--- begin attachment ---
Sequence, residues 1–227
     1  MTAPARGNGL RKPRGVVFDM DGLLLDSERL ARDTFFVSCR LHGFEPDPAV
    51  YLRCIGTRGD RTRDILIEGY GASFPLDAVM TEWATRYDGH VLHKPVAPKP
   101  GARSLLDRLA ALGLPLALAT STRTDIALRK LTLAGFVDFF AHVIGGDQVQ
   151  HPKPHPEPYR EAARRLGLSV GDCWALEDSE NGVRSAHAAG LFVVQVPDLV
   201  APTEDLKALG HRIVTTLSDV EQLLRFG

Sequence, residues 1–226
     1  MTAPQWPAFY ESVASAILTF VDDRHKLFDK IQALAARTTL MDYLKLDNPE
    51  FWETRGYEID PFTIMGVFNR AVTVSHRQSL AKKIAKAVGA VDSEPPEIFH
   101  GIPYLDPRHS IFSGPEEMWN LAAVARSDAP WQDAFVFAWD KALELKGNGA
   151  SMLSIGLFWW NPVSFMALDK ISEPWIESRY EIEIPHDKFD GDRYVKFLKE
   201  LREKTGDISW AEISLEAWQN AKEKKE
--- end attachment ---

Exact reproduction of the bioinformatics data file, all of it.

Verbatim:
Sequence, residues 1–227
     1  MTAPARGNGL RKPRGVVFDM DGLLLDSERL ARDTFFVSCR LHGFEPDPAV
    51  YLRCIGTRGD RTRDILIEGY GASFPLDAVM TEWATRYDGH VLHKPVAPKP
   101  GARSLLDRLA ALGLPLALAT STRTDIALRK LTLAGFVDFF AHVIGGDQVQ
   151  HPKPHPEPYR EAARRLGLSV GDCWALEDSE NGVRSAHAAG LFVVQVPDLV
   201  APTEDLKALG HRIVTTLSDV EQLLRFG

Sequence, residues 1–226
     1  MTAPQWPAFY ESVASAILTF VDDRHKLFDK IQALAARTTL MDYLKLDNPE
    51  FWETRGYEID PFTIMGVFNR AVTVSHRQSL AKKIAKAVGA VDSEPPEIFH
   101  GIPYLDPRHS IFSGPEEMWN LAAVARSDAP WQDAFVFAWD KALELKGNGA
   151  SMLSIGLFWW NPVSFMALDK ISEPWIESRY EIEIPHDKFD GDRYVKFLKE
   201  LREKTGDISW AEISLEAWQN AKEKKE